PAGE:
Eight students from Hillsdale College’s American Chemical Society chapter traveled to the University of Michigan-Flint to compete in the Battle of the Chemistry Clubs on Saturday. Though it was their first time at such a tournament, the club beat out 11 other schools, including Michigan State University and The University of Toledo.
UM-Flint hosted Battle of the Chemistry Clubs for the first time four years ago. Each year since, they have invited all Michigan college chemistry clubs, and drawn some from out of state.
Most of the schools that attended Saturday were much bigger than Hillsdale, but other small liberal arts colleges were represented, as well, such as Adrian, Aquinas, Kalamazoo, and Olivet colleges.
ACS faculty adviser Christopher Hamilton heard of the event last year, but ultimately, Hillsdale did not have time to put a team together.
“I knew we could do well if we sent a team, so once I heard about the competition for this year, I made sure the ACS officers knew about it and encouraged them to get a group together to attend.”
The competition’s events included all of the fields of chemistry covered in an undergraduate degree: organic chemistry, inorganic, analytical chemistry, biochemistry, and physical chemistry.
Four events took place before lunch. Two of them did not require much real chemistry — for example, in one challenge, two students had to find graduate students who were hosting the event and talk to them. The first team to fill up a bingo card with graduate students’ names won. Hillsdale juniors Brad Francis and John Flo took on that and came in second.
Another challenge was designing an experiment for spectroscopy — the practice of using light to discover the shape of and the bonds between molecules. Students “bombard molecules with a variety of wavelengths” to find out their nature, said senior Paul Schmitt, who competed in this event.
After lunch, the studetns heard they were in second place.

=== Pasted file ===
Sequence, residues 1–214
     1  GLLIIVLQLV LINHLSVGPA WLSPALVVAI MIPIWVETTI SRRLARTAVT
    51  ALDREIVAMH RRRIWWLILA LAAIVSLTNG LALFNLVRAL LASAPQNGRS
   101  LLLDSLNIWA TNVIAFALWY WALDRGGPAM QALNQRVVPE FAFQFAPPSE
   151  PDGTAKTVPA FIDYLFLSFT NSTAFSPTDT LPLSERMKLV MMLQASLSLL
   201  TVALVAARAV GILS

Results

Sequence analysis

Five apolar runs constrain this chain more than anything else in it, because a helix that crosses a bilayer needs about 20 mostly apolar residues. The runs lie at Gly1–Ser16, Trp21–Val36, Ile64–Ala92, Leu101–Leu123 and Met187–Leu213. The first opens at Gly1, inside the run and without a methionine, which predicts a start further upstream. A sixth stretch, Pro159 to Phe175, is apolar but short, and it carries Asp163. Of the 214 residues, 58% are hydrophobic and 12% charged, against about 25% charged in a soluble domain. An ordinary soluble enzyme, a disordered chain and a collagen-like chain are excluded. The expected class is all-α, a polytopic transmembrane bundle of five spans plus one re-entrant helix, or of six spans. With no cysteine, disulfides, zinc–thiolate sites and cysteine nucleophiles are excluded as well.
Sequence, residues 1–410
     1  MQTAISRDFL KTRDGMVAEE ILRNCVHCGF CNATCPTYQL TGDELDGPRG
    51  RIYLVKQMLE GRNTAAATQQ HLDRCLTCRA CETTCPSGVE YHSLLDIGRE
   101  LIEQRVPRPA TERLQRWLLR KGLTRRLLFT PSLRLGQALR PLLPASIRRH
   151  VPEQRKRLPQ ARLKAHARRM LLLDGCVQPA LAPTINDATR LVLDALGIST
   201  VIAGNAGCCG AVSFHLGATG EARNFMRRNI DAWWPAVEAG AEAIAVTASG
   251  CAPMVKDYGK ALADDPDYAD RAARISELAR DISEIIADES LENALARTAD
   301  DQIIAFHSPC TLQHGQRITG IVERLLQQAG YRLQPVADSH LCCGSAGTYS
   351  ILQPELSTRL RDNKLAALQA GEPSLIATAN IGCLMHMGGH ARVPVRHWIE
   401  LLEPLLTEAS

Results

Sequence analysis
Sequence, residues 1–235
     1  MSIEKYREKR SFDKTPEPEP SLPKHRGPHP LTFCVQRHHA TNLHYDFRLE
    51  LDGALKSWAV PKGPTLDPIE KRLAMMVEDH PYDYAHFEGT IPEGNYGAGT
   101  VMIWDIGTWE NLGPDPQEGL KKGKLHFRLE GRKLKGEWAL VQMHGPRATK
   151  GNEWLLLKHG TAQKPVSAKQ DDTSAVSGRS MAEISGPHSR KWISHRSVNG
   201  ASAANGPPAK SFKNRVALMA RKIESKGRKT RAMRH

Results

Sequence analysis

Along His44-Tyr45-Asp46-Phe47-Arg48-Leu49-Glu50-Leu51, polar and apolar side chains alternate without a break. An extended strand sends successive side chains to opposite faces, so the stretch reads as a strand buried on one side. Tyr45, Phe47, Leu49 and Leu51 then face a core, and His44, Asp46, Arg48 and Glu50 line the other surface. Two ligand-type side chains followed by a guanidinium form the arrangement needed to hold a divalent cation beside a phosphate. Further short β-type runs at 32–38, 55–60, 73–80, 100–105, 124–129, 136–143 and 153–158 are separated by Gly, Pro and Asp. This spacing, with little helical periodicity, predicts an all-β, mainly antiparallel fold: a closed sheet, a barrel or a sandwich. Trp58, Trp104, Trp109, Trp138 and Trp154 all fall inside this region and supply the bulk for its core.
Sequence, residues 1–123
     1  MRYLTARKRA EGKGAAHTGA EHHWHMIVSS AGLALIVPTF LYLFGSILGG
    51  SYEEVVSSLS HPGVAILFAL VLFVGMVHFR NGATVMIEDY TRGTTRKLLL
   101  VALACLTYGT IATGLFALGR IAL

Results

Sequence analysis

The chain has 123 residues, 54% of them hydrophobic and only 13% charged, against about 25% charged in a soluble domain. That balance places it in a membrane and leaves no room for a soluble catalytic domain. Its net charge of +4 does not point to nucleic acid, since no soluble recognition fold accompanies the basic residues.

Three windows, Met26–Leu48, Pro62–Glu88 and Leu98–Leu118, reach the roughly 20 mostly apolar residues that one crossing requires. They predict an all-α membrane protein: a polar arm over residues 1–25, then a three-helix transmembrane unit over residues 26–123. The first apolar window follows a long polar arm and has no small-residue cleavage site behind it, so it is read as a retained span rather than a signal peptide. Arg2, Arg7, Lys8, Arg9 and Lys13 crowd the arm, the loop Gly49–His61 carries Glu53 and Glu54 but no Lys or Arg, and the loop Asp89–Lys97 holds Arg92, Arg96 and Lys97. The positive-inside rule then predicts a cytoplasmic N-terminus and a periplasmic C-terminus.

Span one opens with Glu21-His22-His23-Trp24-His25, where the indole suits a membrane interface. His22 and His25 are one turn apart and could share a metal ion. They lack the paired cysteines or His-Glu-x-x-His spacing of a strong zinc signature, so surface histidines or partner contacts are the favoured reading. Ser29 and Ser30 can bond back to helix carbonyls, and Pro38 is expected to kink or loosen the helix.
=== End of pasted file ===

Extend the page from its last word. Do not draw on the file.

The grand finale was when they found out that to make it through the quarterfinals and semifinals, they would have to perform two titrations.
“What made it so great is that the semifinals turned out to be almost exactly a lab that we do in a class here,” Schmitt said. “We even figured it out before it started because we saw notes on the board and determined what it was. It was a really great experience in terms of, ‘Okay, our education is doing something.’”
“[Titration] is something that, in lab, takes about 3 1/2 to four hours, and we did it in under 15 [minutes],” said senior Dino Petrov, Hillsdale’s ACS president. “And we did it pretty accurately.”
Finals was a round of chemistry jeopardy, something the ACS on campus does at the end of every year. Hillsdale competed against Ferris State University and UM-Dearborn. The final score was Hillsdale, 2,300, and the other teams, zero.
“I think it makes a very serious statement [about Hillsdale] because we put the team together at the very last minute,” Petrov said. “It was completely on a whim, and we … destroyed the competition.”
Petrov and Schmitt spoke proudly of Hillsdale’s chemistry department and the education they have received here.
“All of the experiments we did we’ve done multiple times in lab in classes,” Petrov said.
“I don’t think we could ask for a better chemistry department,” Schmitt said, noting that both his and Petrov’s teachers provide their cell phone numbers so students can even text them with questions.
“We have a strong emphasis on not just memorizing material or using formulas to come up with an answer,” Hamilton said. “We want students to have a deeper understanding of the material. A big part of science is actually using what you have learned in the lab or in the field.”
Hillsdale students will be returning to the competition next year, trophy in tow.